A group of youngsters played soccer on the playfield of West Seattle’s Pathfinder K-8 school Thursday afternoon to tunes from Lady Gaga and Disney movies. Nearby, in a covered area, classmates sat socially distanced in chairs under the basketball hoops, looking at iPads or shouting to their friends through their masks from 6 feet away.
“Can I go now?” one student asked from his chair as he rubbed his newly vaccinated arm, wanting to join his friends. Not yet, an adult said. Everyone needed to wait the 15 minutes required after the COVID-19 vaccine.
The playfield of Pathfinder K-8 captured much of what it’s been like for young adolescents during the COVID-19 pandemic — a lot of waiting and social distancing as the world grapples with a deadly virus. But this moment signaled hope for the preteens and teens, and their families: Soon, they might be able to see their friends and teachers again, maybe even without masks.
“I’m definitely excited to show up to school,” said North Baird, a 12-year-old sixth-grader who is doing all-remote learning. “I want to make new friends. And be at least a little bit like it was before.”
Pathfinder K-8 was the site of one of 52 COVID-19 vaccination clinics held at Seattle K-8, middle and high schools over a two-week period, with the goal of vaccinating 17,000 students before the end of the school year. Across King County, in-school clinics have been held at 43 schools in a dozen districts this week, with more scheduled, according to Public Health — Seattle & King County.
About 378,000 12-to 15-year-olds in Washington became eligible for the two-dose Pfizer vaccine last week, providing a pathway for a more normal summer than 2020. The announcement was met with a rush of walk-ins at vaccination sites and appointment requests. From Thursday to Sunday, 27,934 children ages 12 to 15 received their first dose of Pfizer, the only vaccine type approved for the age group, according to the state Department of Health. The agency says Washington’s vaccination rate for that age group is more than double the national average.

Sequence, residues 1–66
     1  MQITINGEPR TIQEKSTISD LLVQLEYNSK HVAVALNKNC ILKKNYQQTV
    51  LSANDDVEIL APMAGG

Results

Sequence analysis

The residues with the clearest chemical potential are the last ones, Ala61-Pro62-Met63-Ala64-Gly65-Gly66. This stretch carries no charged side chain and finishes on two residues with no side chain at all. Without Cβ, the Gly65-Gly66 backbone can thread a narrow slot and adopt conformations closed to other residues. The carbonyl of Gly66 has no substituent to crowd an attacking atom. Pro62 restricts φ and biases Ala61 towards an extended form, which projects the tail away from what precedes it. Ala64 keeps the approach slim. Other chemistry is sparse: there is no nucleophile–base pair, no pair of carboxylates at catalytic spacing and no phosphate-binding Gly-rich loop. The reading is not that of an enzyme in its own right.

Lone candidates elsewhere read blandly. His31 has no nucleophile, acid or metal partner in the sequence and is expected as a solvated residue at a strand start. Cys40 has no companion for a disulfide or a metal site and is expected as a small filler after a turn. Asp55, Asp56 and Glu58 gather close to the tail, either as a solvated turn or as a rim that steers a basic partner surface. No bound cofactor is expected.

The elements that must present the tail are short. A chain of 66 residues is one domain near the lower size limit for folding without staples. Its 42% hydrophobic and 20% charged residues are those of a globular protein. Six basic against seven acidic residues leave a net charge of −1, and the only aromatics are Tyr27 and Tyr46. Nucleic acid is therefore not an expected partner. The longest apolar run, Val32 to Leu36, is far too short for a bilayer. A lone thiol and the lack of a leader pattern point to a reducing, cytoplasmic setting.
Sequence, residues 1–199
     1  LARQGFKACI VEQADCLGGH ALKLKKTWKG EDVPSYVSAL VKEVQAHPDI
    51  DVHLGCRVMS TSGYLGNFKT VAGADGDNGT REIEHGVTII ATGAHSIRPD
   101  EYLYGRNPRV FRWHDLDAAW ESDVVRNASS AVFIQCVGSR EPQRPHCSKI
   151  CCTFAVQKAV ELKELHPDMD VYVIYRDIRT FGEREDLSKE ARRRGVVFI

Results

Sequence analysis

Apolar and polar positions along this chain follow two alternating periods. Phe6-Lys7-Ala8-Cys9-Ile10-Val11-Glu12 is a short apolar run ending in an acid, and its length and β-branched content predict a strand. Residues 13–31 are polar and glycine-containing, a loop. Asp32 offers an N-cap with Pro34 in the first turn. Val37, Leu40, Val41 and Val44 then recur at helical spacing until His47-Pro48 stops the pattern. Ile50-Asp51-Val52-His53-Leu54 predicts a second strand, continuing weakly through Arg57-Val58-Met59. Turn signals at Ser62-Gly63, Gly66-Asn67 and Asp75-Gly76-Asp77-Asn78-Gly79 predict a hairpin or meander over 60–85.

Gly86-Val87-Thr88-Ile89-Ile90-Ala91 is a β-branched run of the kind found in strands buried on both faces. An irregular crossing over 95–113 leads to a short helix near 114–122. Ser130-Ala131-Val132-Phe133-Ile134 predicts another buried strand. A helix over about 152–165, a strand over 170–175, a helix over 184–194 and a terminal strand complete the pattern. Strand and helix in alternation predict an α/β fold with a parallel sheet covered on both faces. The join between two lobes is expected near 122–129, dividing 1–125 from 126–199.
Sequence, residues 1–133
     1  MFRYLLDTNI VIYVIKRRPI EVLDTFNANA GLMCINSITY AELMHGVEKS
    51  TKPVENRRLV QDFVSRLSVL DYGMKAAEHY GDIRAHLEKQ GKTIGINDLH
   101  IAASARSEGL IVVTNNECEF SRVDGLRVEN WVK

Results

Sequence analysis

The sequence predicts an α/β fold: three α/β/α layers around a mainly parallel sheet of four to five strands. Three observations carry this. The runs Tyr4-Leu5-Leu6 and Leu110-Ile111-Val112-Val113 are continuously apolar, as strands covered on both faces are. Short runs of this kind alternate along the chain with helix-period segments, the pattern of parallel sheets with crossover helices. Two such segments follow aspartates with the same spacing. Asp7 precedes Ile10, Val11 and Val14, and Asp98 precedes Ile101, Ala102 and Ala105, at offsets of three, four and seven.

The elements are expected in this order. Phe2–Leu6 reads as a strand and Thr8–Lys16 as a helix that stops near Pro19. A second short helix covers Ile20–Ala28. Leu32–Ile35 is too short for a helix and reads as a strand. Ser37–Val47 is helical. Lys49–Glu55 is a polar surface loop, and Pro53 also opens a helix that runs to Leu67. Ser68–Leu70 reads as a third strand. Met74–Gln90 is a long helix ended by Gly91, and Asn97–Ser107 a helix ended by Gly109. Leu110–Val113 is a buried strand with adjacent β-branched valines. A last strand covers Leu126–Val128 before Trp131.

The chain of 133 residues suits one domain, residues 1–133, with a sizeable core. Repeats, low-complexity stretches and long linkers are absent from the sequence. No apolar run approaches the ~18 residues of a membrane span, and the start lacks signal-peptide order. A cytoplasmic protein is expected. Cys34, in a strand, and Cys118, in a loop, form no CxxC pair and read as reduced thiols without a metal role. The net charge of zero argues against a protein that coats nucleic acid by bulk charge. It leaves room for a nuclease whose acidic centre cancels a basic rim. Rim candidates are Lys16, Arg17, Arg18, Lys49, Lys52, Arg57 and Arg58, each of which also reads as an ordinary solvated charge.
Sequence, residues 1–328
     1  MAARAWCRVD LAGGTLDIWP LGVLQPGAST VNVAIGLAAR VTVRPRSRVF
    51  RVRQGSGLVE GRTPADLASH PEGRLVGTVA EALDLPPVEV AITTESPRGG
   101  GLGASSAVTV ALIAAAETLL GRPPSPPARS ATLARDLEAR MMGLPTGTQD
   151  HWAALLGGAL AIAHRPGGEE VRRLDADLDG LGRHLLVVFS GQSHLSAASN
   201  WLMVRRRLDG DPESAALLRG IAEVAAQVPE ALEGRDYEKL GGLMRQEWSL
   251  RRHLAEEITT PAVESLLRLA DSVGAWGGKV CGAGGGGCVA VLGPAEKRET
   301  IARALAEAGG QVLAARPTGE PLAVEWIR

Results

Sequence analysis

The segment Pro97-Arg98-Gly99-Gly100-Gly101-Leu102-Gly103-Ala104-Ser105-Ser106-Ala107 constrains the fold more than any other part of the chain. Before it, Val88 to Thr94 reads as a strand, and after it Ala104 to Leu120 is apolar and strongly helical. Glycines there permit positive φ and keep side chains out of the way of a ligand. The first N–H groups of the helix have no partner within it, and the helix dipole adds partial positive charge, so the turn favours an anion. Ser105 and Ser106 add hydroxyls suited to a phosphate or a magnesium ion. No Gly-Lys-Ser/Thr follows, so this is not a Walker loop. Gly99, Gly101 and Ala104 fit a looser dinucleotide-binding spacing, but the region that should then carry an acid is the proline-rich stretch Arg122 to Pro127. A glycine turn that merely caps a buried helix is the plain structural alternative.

The kids coming in have been excited, Seattle Fire Department Lt. Brian Wallace said, noting that in contrast with adults who may be worried about the effects of the actual vaccine, kids are more anxious about the injection itself. It’s important to explain each step, so they’re not startled. Lift that purple shirt sleeve, relax your arm, North, the 12-year-old, was told. All done. Then came a fist bump from the Fire Department vaccinator.
At another table, SFD Lt. Penny Stone, who estimates she’s administered vaccines to thousands of people through the West Seattle mass-vaccination site and mobile clinics, had a special patient: her son, Calder, 12, a Pathfinder sixth-grade student. They hugged afterward.
“It’s pretty special,” Stone said. Fifty-three students were vaccinated at Pathfinder, and 50 were vaccinated by the same Fire Department team at Louisa Boren STEM K-8 earlier Thursday.
Sophie Springwalter, 14, talked about the two quarantine birthdays she’s had, and how she’s only going to in-person learning twice a week.
“It’s been hard,” the eighth grader said. “Since I am older, I have more freedom, but no freedom, because of restrictions.”
She hoped her quarantine bubble would expand now that she and her siblings, who are 12, 15 and 16, and her parents, are all vaccinated. She is looking forward the most to going to the pool this summer.
Washington schools are expected to fully open to in-person learning in the fall, bringing 1.1 million students back to classrooms. As of early May, more than half of the state’s students are currently coming to school at least one day a week, but many districts remain on a hybrid in-person and remote schedule, according to state superintendent’s office data.
“This has been so hard on our youth,” Seattle Mayor Jenny Durkan said at a news conference earlier this week at Franklin High School. “We’ve seen almost every student and family struggle with online learning. There’s not an exception to that.”
The Washington State Board of Health — which oversees state vaccine policies — hasn’t yet said whether it will require the COVID-19 vaccine for K-12 students.
The Seattle Fire Department is also hosting clinics for private-school students; the final clinic will be held at Holy Family Bilingual Catholic School in West Seattle on Wednesday. The mass-vaccination site at Lumen Field Event Center is holding a “student and family day” on Saturday, with pediatric clinicians administering the shots. Also on Saturday, the fire department is hosting a clinic at Franklin High School to reach those who can’t get a shot during the week.
At the end of vaccine clinics, parents talk of how excited they are, too, vaccinators said, and about the trips they have planned for their families over the summer. North’s mother, Mo Clark, said they’re hoping to finally do a trip that’s been in the works for months — they’re going to Disneyland.